About Jesus, the meaning of the doctrine seems pretty clear. The story is in the gospels not to cover up some current scandal about Mary’s pregnancy; if that were the case the gospel writers could have simply called Jesus the son of Joseph and pointed to the fact that Joseph accepted him as such. Son of Joseph, son of David, Messiah: that is all you would have needed. Inventing a story about a virgin birth in order to hush up a scandal about a sexual escapade seems a little far-fetched, especially since Mary’s husband acknowledged the child and took him in.
By making the outrageous and inherently doubtful claim that Jesus’ mother was a virgin, the gospels are less interested in affirming Mary’s virtue than in stressing that this particular baby was unique. He wasn’t like all the other babies; he had a special relationship with God from the start.
At various points during his life, Jesus would talk about this unique relationship and later theologians would make it a centerpiece of their reflection on the meaning of Jesus’ life and career. But the gospels go out of their way from the beginning to make the assertion that Jesus was not just another baby in a just another manger. Jesus isn’t important just because he had a special message, the gospels are telling us. He is important because he is a special person.
The gospels say nothing about what Jesus looked like; we don’t know anything at all about how tall he was, what color his hair and his eyes were, whether he looked more like James Dean or Chris Farley or, for that matter, like Yasser Arafat or Malcolm X. But the gospel writers do tell us, in the strongest, most expressive way possible, that while Jesus was a human baby with a human Mom, he was also something more, something else.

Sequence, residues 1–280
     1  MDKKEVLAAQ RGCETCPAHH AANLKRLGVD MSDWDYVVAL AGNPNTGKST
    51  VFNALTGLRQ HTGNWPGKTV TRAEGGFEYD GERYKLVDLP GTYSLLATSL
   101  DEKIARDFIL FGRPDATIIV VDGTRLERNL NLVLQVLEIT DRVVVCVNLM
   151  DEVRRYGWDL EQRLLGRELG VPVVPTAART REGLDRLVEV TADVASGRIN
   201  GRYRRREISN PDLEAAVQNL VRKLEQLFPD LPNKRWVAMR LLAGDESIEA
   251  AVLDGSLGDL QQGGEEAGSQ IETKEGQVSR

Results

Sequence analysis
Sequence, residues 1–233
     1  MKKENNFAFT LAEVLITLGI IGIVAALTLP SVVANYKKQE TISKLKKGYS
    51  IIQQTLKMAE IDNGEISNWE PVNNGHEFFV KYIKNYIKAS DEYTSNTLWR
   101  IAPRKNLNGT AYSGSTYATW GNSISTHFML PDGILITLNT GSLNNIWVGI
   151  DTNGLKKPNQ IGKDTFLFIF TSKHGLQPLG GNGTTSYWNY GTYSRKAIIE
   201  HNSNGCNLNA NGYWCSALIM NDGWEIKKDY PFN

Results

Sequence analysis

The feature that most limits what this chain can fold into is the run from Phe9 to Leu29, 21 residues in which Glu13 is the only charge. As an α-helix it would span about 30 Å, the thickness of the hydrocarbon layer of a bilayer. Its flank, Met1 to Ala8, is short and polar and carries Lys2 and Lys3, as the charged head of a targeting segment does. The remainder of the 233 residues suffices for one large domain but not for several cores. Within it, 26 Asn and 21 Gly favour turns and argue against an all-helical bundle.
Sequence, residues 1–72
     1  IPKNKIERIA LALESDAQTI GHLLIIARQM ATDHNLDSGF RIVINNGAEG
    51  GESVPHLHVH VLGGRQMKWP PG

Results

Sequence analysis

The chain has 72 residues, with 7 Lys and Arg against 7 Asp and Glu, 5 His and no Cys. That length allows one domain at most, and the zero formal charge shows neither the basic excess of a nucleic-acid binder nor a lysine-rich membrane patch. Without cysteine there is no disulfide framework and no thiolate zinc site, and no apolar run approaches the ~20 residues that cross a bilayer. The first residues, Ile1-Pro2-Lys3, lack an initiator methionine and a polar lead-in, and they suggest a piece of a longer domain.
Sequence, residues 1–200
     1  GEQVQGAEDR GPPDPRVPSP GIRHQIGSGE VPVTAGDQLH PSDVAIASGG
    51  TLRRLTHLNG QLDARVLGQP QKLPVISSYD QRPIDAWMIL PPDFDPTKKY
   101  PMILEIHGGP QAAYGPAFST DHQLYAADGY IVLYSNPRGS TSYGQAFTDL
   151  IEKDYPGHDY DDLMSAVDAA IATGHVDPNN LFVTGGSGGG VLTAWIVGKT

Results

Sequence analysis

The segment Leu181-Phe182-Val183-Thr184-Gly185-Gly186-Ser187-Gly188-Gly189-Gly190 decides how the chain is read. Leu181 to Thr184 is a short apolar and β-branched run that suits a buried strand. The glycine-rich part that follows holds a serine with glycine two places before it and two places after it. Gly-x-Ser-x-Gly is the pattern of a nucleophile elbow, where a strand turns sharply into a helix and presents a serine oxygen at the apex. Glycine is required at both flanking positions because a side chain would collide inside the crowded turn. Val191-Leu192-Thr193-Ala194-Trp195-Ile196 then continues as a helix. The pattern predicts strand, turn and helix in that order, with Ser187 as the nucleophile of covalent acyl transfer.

Although it burnishes Jesus’ credentials as a moral teacher if he really was the Son of God born of a virgin, the gospels are not trying to build him up as a philosopher by stressing this aspect of his background. Being a moral teacher, even a great one, was only a very small part of Jesus’ mission.
Moral teachers are anything but rare. Humanity has many inspiring teachers and prophets. As a species, we have a talent for giving good advice and at our best, the advice that we give is very good indeed. Love your neighbor as yourself. Put God first. Duty before pleasure. Don’t use people as things. Judge by realities, not superficial appearances. Be generous and merciful to the weak and the poor. Act like a parent to orphans. Treat strangers well. Don’t steal. Don’t lie. Honor your parents.
It is all extremely good advice and we would be much better off if we took it. But fairly often, we don’t. And when we do the wrong thing, it usually isn’t because we didn’t know the difference between right and wrong. Not many murderers, adulterers and thieves are acting in ignorance of simple moral truths. Very few people abuse their elderly parents and steal their money only because nobody ever took the time to explain to them that such behavior was wrong.
Those who see Jesus as a moral teacher or even a prophet see him as one, perhaps the greatest, perhaps one of many, in the long line of teachers and counselors who have tried to show humanity the right path and encouraged us to walk on it.
But for the gospel writers, Jesus was something much more than this. Saying that Jesus was a moral teacher is like calling Winston Churchill a landscape painter; both statements are true (and Jesus was a much better moralist than Churchill was a painter) but in neither case does the description capture the true greatness of the man.
Jesus came here on another mission. He didn’t come here to be one more cosmic wise man telling us the right thing to do. He came here to do something about the real problem our species faces: our failure to take up the good advice we so readily dish out. He came to deal with the gap that opens up between a God who demands moral excellence and a human race that is simply incapable of living right.
This is a shocking concept for many religious people, and perhaps even more shocking for idealistic secular intellectuals, but morally earnest lectures have almost nothing to do with what humanity really needs. After all, the world’s libraries are full of books giving sage and profound moral advice. They are also full of histories that document our failure as a species to follow it. Massacres, aggressions, oppressions, abuses, tyrannies, crimes and injustice: without these, the world’s history books would be much shorter than they are.
Jesus didn’t come because humans had somehow missed the point of moral teaching and needed to be set right on a few points and given inspirational coaching about how to do better. He came, the gospel writers believed, because history revealed the failure of the ‘moral approach’ to the problem of evil, and God decided that something more and something different needed to be done.